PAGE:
Habitat is a crucial concept in wildlife ecology and management, since most of our questions involve figuring out the conditions that species or communities need to thrive. Urban wildlife species typically have a few habitat and behavioral similarities, and it is often the wildlife ecologist’s job in these areas to facilitate the survival of a few valued wildlife species. An understanding of habitat and species-specific habitat requirements is therefore necessary.
This lesson is a description of the concept of habitat and then a lecture/discussion on how a species’ life history can be used to figure out its likely habitat. We then look at the general characteristics of the urban habitat and how this may be favorable or unfavorable to different species.
Estimated Time of Activity: 1.5 hours
Students will be able do the following as a result of the activity:
- Understand what habitat is and the factors that affect a species’ habitat
- Learn what about the urban habitat makes it good for some species and bad for others
This lesson is the same as the last lesson in tte previous module (i.e., unit). Habitat is an important concept to scientists working on the larger system as well as those studying only one or a few animal species, and is a way to link the very general "ecosystem studies" to the more specific "wildlife management" concepts that this second module focuses on. Thus it appears in the end of the general "Urban Ecology" module as well as the beginning of this "Uban Wildlife Management" module.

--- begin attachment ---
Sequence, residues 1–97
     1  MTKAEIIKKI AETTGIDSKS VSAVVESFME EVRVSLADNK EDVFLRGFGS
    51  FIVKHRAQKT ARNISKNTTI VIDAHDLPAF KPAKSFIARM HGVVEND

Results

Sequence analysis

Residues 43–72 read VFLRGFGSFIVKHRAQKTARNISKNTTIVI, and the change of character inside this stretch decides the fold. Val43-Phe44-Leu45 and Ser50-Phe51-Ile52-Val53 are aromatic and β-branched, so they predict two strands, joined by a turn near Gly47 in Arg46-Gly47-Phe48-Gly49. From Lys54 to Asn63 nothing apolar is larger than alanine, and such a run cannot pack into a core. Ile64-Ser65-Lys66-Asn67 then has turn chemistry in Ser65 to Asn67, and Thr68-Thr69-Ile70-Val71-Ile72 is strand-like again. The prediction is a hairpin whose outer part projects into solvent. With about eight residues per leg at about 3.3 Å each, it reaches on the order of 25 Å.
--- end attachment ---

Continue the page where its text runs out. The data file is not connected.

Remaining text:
In other words, if you are doing both modules you don't have to teach this one twice.
If you are teaching both modules, and have extra time, I would recommend using this time to go over the students' written essays and allow them to write second or third drafts. Generally, writing assignments in high school consist of writing a paper and turning it in for a grade, whereas in the "real world", written tasks are usually edited and re-edited (and re-written) many times by a group of colleagues. So it would be advisable to mirror the professional world as often as possible in primary school.
- This lesson is mainly a lecture, but includes many pictures and opportunities to discuss the subject matter. I find that students have many questions about this subject, and some questions that may start a discussion are included in the powerpoint.
- There are also 2 movies (urban gulls and crows) that can be shown when discussing food sources in the urban environment
- Students should write a 1-2 page essay on: “Are places that are heavily modified by humans (eg, cities, towns, farms, golf courses) good habitat?” This question is intentionally vague, as good or bad habitat depends on the species in question. The goal is to have students understand this idea and be able to talk about habitat in terms of the needs of different species.
Assessment: Essays will be collected and graded. It would also be a good idea to fit in time to edit and return the essays and have students rewrite them
- Powerpoint (link coming soon)
- Movie files of gull and crows (available on dropbox)